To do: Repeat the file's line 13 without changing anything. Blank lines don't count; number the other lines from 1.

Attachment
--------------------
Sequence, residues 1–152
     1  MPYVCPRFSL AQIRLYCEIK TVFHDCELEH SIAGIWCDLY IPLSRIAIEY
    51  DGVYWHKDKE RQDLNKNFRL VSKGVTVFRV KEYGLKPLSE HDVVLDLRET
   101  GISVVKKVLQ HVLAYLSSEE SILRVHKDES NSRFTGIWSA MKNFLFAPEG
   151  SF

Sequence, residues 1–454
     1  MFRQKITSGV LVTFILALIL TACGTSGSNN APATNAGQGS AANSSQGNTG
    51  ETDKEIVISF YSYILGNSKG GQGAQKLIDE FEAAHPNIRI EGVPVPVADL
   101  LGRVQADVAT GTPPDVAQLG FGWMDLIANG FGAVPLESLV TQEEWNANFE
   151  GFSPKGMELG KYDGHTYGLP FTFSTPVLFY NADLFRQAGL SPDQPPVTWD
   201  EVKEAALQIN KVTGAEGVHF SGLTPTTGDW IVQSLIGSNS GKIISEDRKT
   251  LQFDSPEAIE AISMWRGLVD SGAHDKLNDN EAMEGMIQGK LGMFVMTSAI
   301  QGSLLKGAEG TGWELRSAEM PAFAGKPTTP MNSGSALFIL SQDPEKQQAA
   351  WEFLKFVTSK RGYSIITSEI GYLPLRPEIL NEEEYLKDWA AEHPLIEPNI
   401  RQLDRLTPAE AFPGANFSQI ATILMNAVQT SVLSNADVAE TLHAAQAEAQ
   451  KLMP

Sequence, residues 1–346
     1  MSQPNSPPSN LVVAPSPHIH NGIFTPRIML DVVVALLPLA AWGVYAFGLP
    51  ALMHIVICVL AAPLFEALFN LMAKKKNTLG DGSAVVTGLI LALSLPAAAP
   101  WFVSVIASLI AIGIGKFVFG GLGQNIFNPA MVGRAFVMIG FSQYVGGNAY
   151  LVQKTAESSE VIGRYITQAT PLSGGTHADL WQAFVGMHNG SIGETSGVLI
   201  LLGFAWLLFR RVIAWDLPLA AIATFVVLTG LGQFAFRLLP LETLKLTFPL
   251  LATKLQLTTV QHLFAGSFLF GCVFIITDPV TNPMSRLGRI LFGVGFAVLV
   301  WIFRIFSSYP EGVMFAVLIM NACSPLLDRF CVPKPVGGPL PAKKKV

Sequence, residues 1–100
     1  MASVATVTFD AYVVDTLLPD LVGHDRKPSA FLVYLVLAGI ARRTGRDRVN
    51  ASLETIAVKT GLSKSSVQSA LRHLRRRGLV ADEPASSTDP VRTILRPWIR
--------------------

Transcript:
   301  QGSLLKGAEG TGWELRSAEM PAFAGKPTTP MNSGSALFIL SQDPEKQQAA